Jukebox Wireless Volume Control




Introduction: Jukebox Wireless Volume Control

The Problem

The volume control knob on many jukeboxes is located in the most inconvenient place possible. It is done purposely to discourage drunken bar patrons from blasting their music resulting in annoyance of their fellow barflys. The standard location for the volume control knob is in the middle of the back of of the jukebox against the wall. To change the volume of a jukebox an intoxicated listener must pull the jukebox away from the wall, grope around for the knob, twist it, then move the jukebox back to its original position, without anybody noticing this activity. Most jukeboxes have an optional remote control on a long wire for the bartender to control the volume. Some models have a rheostat that mounted in a little box with a momentary switch. The remote rheostat controls the volume. Twisting the volume control knob raises or softens the music volume. The momentary switch controls the "Cancel/Reject button". Pressing this button will eject the current record playing. If the record is scratched of extremely distasteful it can be ejected by pressing this button. The Seeburg SMC 1 Disco does not have such a simple remote control. The remote control uses a motor that attaches to back of volume control rheostat. It is supposed to behave like a hand turning the control knob. They are expensive and look unreliable. The parts are 35 years old. It is difficult enough to keep the jukebox running, without this additional complexity. I thought about the problem for a while, then decided I can twist a knob with an arduino.

Step 1: The Solution: RF Control

The arduino processor is a good choice to control small motors and interface with humans. The motor is controlled by a shield which uses 74HC Bridge. The stepper motor is a bipolar four wire 200 step 12V stepper. Raido Frequency (RF) was chosen over Infra Red (IR) because it requires no modifications to the cabinet. IR would require putting a receiver somewhere where it can see a light signal. The RF module can be tucked away in the back or side of the jukebox cabinet. The volume can still be controlled manually, but it requires opening the cabinet and twisting the control knob. Although this modification was done to a Seeburg SMC 1 Disco,it can be adapted to many other brands and models. Modifications to an old juke can be reversed without any significant changes to the jukebox. Hopefully this guide may help keep a few jukes alive in their semi original state a little longer.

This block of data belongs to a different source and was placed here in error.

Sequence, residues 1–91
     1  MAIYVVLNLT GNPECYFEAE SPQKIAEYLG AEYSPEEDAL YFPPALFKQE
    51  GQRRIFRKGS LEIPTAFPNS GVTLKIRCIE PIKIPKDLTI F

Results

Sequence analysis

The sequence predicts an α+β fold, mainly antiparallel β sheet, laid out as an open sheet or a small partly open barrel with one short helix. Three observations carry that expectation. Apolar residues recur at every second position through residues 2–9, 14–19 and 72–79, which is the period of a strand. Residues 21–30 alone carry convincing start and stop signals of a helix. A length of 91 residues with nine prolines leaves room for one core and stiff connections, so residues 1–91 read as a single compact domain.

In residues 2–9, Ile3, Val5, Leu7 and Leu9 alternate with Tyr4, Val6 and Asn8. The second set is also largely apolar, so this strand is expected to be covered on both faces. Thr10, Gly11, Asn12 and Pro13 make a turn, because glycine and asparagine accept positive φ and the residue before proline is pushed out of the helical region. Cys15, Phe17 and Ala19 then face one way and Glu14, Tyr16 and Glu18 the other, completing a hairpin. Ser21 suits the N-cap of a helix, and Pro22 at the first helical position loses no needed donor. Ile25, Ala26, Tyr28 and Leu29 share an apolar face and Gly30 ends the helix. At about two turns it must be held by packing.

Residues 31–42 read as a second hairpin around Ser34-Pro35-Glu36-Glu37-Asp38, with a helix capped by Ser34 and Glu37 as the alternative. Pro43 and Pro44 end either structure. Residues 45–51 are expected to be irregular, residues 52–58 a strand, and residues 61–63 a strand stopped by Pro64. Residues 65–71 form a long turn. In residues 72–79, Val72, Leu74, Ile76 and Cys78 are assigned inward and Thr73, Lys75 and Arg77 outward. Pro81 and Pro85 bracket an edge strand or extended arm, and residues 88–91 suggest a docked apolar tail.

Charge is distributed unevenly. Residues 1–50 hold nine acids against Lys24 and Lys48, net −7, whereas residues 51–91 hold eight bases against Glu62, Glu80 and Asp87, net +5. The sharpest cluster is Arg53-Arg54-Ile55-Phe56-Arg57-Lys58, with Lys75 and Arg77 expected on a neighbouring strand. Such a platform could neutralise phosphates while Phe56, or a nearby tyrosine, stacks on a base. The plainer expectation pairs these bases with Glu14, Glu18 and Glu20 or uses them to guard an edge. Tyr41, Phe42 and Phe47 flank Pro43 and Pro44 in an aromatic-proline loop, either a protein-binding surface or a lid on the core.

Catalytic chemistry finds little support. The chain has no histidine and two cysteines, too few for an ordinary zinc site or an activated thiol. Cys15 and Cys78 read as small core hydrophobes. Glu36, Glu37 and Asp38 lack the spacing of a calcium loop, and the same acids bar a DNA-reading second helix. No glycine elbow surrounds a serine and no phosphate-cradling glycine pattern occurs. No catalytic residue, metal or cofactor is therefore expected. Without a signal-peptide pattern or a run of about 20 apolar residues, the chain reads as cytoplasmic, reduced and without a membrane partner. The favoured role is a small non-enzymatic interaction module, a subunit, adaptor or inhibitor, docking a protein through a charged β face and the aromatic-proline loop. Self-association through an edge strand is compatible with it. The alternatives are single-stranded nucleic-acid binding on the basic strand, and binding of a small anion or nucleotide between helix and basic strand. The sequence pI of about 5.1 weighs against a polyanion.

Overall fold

• Breadboard and Hookup Wires
  • Computer with USB
  • Dremel Rotary Tool
  • Drill + bits Glue
  • Gun w/Glue sticks
  • Hemostats
  • Multimeter
  • Magnifier, Head Mounted
  • Screwdriver, Multidriver
  • Soldering Iron (good) w/solder
  • T square
  • Vice
  • Vice Grips
  • Wire Cutters
  • Wood Saw


  • Arduino Uno R3 (Adafruit #50 $24.95)
  • Aluminum Bar 1" x 4" x 1/8" (HD $8.00)
  • Motor/Stepper Driver (Adafruit #1438 $19.95)
  • Key fob 4-Button RF Remote (Adafruit #1095 $6.95)
  • RF Momentary Reviever (Adafruit #1096 $4.95)
  • Relay Breakout Board (Ebay $3.00)
  • Stepper Motor NMEA 17 size - 200 steps/rev, 12V 350mA (Adafruit #324 $14.00)
  • Motor Shaft Coupler (Adafruit #1177 $4.95)
  • Power Supply AC/DC 9V 1 MA (Adafruit #63 $6.95)
  • Rainbow wire 6"
  • Light Duty Extension Cord
  • Screws 3mm x 10mm (4) Fits motor (HD $1.50)
  • Screws Wood Washers #8
  • Epoxy Glue, Small mini tube (Dollar Stores $1.00)
  • Angle Shelf Bracket 2" x 2" (HD $3.99)
  • Scrap Plywood (Garage $0)
  • Paint, Flat Black (HD $3.99)
  • Film Canister (Antique Bin $0.00)
  • High Intensity LED (Fry's $5.00)
  • Jukebox (Craigs $100.00 - $6,000.00)



Step 2: Build and Test the Motor Shield

Find the best place in your jukebox cabinet to mount the project.In the case of the SMC1, it is on the left side of the cabinet below the amplifier. Gather materials for the project. Many of the items can be bought from Adafruit. Some must be fabricated yourself. Others may be scrounged from the box of broken toys and forgotten projects. Assemble the motor shield and test it. Adafruit has a step by step guide for assembly. Examine all solder joints with a magnifier. touch up any suspicious solder joints. The prototype is necessary to build since some component substitutions may be necessary. This is a learning exercise as well as getting a remote control. The motor shield is capable of controlling 2 Servos, 4 DC motors, 2 Stepper Motors. We only need to control one stepper motor. Knowledge of pin assignments is useful for avoiding conflicts when connecting other devices in the project. The motor shield uses the following arduino pins.

Motor Shield Pin Assignments:

  • Digital 11 Stepper #1
  • Digital 3 Stepper #1
  • Digital 5 Stepper #2
  • Digital 6 Stepper #2
  • Digital 4,7,8,12 Digital latch
  • Digital 9 Servo #1
  • Digital 10 Servo #2
  • All Analog Pins Open
  • Digital 2,14-19 Open

Wire the stepper to the shield:

  • M1 ------ Red
  • M1 ------ Yellow
  • GND ---- NC
  • M2 ------ Green
  • M2 ------ Grey/Brown

Connect the arduino to the stepper motor shield. Download and install the stepper motor libraries from adafruit. I decided not to use the AccelStepper library. This is a simple application and does not require smooth motion control. We are only single stepping the motor. A very basic example of rotating clockwise then counter clockwise is shown. No movement dampening is necessary. Download the arduino sketch programs from Github-jbvolcontrol. Create a new blank sketch. Load the code in the following example.

// Example of basic stepper motor operation using the adafruit library


int i=1; int dir = FORWARD;

// Connect a stepper motor with 200 steps per revolution

// to motor port #1 (M1 )

AF_Stepper motor(200, 1);

void setup() {


// set up Serial library at 9600 bps

Serial.println("Stepper test!");

motor.setSpeed(30); // 10 rpm


void loop() {

if ( i < 200) {

motor.step(1, dir, INTERLEAVE); i=i+1; delay( 100 );

} else { i=1;

dir=-dir; }